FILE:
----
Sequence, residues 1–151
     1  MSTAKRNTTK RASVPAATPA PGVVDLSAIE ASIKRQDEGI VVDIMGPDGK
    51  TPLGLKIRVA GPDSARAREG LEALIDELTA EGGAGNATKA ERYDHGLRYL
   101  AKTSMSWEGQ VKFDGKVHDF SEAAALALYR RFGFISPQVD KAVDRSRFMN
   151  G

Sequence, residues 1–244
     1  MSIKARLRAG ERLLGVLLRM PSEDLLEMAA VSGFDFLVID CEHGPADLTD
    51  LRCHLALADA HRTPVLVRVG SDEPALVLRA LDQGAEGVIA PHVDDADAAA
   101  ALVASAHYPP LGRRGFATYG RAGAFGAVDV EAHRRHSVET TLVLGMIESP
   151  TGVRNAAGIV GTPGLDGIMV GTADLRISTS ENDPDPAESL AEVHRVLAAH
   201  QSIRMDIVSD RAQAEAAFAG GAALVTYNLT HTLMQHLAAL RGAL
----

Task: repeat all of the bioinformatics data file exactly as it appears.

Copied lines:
Sequence, residues 1–151
     1  MSTAKRNTTK RASVPAATPA PGVVDLSAIE ASIKRQDEGI VVDIMGPDGK
    51  TPLGLKIRVA GPDSARAREG LEALIDELTA EGGAGNATKA ERYDHGLRYL
   101  AKTSMSWEGQ VKFDGKVHDF SEAAALALYR RFGFISPQVD KAVDRSRFMN
   151  G

Sequence, residues 1–244
     1  MSIKARLRAG ERLLGVLLRM PSEDLLEMAA VSGFDFLVID CEHGPADLTD
    51  LRCHLALADA HRTPVLVRVG SDEPALVLRA LDQGAEGVIA PHVDDADAAA
   101  ALVASAHYPP LGRRGFATYG RAGAFGAVDV EAHRRHSVET TLVLGMIESP
   151  TGVRNAAGIV GTPGLDGIMV GTADLRISTS ENDPDPAESL AEVHRVLAAH
   201  QSIRMDIVSD RAQAEAAFAG GAALVTYNLT HTLMQHLAAL RGAL